Another document, a cable dated Aug. 2 and sent to the State Department by U.S. Embassy personnel in Tripoli, indicated that staff had growing concerns over security provided by Libyan militias.
“Host nation security support is lacking and cannot be depended on to provide a safe and secure environment for the diplomatic mission,” it said in part.
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In a letter to Obama, Issa, R-Calif., and Chaffetz, R-Utah, demanded the president fully answer questions about the administration’s response to the concerns.
"The American people deserve nothing less than a full explanation from this administration about these events, including why the repeated warnings about a worsening security situation appear to have been ignored by this administration,” it said. “Americans also deserve a complete explanation about your administration's decision to accelerate a normalized presence in Libya at what now appears to be at the cost of endangering American lives.”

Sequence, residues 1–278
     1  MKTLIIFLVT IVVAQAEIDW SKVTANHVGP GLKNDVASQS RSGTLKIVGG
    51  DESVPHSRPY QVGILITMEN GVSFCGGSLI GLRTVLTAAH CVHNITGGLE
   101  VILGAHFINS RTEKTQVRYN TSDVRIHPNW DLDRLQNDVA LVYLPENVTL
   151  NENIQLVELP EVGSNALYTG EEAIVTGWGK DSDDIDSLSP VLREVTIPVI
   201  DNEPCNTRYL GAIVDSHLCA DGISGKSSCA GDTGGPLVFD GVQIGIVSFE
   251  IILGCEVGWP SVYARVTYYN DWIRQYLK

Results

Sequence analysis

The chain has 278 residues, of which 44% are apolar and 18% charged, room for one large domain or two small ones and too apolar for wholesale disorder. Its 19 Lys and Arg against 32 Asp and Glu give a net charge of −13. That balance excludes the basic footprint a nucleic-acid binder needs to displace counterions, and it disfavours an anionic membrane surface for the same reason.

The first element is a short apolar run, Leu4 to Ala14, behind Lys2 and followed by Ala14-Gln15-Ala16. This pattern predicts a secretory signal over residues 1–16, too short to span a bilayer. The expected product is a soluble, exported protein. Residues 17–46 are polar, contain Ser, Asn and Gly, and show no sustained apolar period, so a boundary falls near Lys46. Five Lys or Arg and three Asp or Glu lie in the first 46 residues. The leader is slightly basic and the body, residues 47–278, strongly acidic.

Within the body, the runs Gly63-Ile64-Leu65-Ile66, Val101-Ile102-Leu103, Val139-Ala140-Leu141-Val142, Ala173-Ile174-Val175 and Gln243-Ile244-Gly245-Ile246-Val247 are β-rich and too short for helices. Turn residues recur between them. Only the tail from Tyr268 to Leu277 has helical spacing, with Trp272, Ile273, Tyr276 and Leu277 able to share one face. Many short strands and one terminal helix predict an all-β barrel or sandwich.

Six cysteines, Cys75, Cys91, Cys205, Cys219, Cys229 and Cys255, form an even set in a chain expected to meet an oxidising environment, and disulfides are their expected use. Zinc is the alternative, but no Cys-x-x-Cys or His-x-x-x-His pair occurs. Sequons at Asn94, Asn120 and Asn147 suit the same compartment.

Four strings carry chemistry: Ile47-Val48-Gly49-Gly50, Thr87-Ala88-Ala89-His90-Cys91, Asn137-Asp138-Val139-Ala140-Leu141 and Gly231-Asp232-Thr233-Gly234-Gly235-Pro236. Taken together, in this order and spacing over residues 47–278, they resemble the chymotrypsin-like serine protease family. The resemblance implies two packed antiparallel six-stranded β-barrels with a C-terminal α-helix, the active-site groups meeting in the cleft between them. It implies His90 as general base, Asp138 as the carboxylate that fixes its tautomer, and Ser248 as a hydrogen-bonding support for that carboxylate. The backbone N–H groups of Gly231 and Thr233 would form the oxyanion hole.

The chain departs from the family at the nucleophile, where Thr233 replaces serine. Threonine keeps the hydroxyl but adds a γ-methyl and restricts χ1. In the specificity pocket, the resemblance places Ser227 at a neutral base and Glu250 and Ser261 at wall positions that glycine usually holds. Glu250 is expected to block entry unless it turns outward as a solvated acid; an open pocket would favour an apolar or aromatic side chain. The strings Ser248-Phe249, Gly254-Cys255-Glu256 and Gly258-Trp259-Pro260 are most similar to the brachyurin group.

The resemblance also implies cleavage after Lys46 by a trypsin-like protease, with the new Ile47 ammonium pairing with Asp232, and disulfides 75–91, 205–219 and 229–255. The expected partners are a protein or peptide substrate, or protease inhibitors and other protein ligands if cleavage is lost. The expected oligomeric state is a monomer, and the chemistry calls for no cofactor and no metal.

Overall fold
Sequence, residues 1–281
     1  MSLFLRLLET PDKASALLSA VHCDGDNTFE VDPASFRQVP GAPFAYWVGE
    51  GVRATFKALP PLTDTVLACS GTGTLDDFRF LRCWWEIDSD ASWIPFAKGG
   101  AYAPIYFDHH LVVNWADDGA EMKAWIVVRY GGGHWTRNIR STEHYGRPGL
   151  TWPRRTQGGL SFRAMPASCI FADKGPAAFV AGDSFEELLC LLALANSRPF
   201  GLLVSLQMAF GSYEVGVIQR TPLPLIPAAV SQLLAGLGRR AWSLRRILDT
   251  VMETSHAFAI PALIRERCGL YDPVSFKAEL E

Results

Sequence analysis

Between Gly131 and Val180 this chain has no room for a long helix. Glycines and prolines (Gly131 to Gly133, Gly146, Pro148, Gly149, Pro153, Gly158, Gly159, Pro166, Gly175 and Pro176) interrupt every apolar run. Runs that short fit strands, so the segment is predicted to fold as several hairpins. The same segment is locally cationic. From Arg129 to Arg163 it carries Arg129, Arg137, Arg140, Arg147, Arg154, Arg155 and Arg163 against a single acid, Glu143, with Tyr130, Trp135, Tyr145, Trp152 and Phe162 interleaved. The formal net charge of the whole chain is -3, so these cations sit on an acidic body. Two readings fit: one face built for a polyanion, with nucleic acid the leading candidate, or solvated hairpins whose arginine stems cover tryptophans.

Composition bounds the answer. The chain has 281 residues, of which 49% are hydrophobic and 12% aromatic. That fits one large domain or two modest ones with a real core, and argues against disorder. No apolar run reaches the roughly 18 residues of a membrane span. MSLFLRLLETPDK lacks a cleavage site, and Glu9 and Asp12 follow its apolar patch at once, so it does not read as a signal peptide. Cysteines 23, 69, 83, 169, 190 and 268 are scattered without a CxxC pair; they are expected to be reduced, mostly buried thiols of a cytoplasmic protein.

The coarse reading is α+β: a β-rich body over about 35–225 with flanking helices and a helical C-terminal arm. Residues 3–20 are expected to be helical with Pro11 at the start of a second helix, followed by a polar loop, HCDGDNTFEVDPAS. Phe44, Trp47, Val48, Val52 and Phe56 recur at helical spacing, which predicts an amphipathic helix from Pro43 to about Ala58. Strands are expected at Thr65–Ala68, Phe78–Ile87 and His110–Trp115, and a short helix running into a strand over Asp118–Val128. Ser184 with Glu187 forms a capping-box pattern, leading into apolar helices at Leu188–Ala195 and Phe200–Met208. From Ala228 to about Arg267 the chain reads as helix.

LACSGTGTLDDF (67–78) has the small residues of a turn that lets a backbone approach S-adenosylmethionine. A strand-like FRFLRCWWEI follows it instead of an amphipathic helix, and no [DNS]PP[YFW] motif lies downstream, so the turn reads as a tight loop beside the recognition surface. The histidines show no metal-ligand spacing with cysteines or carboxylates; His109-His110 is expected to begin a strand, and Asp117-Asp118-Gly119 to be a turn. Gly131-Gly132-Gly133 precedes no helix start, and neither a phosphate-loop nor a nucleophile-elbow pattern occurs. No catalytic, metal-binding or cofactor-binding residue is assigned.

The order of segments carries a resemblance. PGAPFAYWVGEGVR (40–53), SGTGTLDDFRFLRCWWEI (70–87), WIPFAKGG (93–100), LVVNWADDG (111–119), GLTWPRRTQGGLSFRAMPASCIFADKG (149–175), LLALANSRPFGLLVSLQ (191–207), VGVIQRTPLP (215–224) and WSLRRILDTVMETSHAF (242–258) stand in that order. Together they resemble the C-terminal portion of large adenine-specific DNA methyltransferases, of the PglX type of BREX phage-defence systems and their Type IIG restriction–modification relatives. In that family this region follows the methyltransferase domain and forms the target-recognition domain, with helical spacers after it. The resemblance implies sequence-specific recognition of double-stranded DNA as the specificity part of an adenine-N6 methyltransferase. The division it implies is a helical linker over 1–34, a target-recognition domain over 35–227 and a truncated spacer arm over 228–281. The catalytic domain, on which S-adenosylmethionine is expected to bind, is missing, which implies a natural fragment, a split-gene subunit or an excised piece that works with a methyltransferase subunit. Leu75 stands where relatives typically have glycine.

The senior Democrat on the committee, Rep. Elijah E. Cummings, D-Md., issued a statement in which he accused Issa and Chaffetz of attempting to use the tragedy to score political points.
Issa's letter "completely ignores sworn testimony provided to the committee, recklessly omits contradictory information from the very same documents it quotes, irresponsibly promotes inaccurate information, and makes numerous allegations with no evidence to substantiate them," he wrote.
Ben Curtis / AP file
U.S. Ambassador Chris Stevens and three other Americans died in the attack on the U.S. consulate Benghazi, LIbya.
Separately, a senior U.S. intelligence official, who spoke with NBC News on condition of anonymity, said Friday that investigators still have not uncovered any evidence that the attack was preplanned.